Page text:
Now, six years later, my daughter would probably say that childbirth was the easy part! She called me one morning recently, in tears of frustration. “Ethan kept waking up all night long; I’m totally exhausted from such a terrible night’s sleep; now he’s crabby because he doesn’t want cereal for breakfast; two temper tantrums; two crying fits; and it’s only 8:30 in the morning! How am I going to get through this day?”
“Ethan had a tempter tantrum?” I meekly asked, surprised.
“Mom–” she cried, exasperated, “I’m talking about me!”
Yes, mothers have days like that. All mothers do. But just think about the impossible irony of what God has called you to do: you begin motherhood with a small, squirmy, totally helpless, totally dependent little baby. You probably don’t have any experience, and you’re overwhelmed with the crash of hormones trying to scramble for balance after such a monumental experience.
And your job for the next 18 years is to care for, teach, and train this child to become a hard-working, productive, pleasant man or woman of God who will impact his-or-her world for the glory of God.
No, wait. That’s too easy.
Let’s try that again: you begin motherhood with a small, squirmy, totally helpless, totally dependent, totally self-centered baby who arrives with a sin-nature and the propensity to choose what is wrong every time. Furthermore, we don’t have the advantage of being able to practice on some disposable children first, or have the chance to test our theories with the Scientific Method before we form conclusive, surefire, tried-and-true success. We only have one chance. We must do it right the first time.
Then shape him into a hard-working, productive, pleasant man or woman of God who will impact his-or-her world for the glory of God. It’s impossible! This is enough of a challenge to drive us to our knees!
And drive us to our knees it should! Impossible situations are the tool God uses to force us to become intensely God-focused, truly Theo-centric in our faith. I am constantly amazed that God would give parents such an intense, demanding, challenging, impossible, albeit wonderful task– and yet He calls us to accomplish it by recognizing our inability, by turning away from self-sufficient efforts, and by constantly finding His grace, His mercy, His strength made perfect in our terrible weakness.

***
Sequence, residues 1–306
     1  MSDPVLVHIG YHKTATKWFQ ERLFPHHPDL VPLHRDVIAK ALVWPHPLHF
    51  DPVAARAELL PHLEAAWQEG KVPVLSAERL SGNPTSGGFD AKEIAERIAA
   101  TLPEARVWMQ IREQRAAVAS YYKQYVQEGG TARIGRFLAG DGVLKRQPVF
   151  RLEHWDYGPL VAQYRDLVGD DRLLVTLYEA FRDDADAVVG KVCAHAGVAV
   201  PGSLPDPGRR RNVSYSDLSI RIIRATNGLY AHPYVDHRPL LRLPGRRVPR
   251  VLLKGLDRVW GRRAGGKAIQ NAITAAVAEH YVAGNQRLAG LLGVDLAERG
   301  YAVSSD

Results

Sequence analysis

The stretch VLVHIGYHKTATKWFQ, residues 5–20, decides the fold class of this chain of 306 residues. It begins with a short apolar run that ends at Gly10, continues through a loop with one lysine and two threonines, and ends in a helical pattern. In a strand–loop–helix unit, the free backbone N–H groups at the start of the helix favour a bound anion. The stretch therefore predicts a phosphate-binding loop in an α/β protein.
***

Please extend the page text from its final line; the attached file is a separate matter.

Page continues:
The task of parenthood can only be truly successful when it’s truly “God-centered.”
In Matthew 19, Jesus affirmed the little children, saying, “Let the little children come to me and do not hinder them, for to such belongs the kingdom of heaven.” Immediately after, he was approached by the rich young man who boasted in his own efforts to keep God’s law, yet still could not bring himself to separate from his riches, the product of his own sufficiency– his great distraction. Jesus took note, and reminded his disciples that it was easier for a camel to go through the eye of a needle than for such a one to enter the Kingdom of God.
The call of God on your life as a mother is the most amazing call you will ever know. You are called to accomplish what seems impossible. But Jesus says to us (:26), “With man, this is impossible, but with God, all things are possible.” Indeed.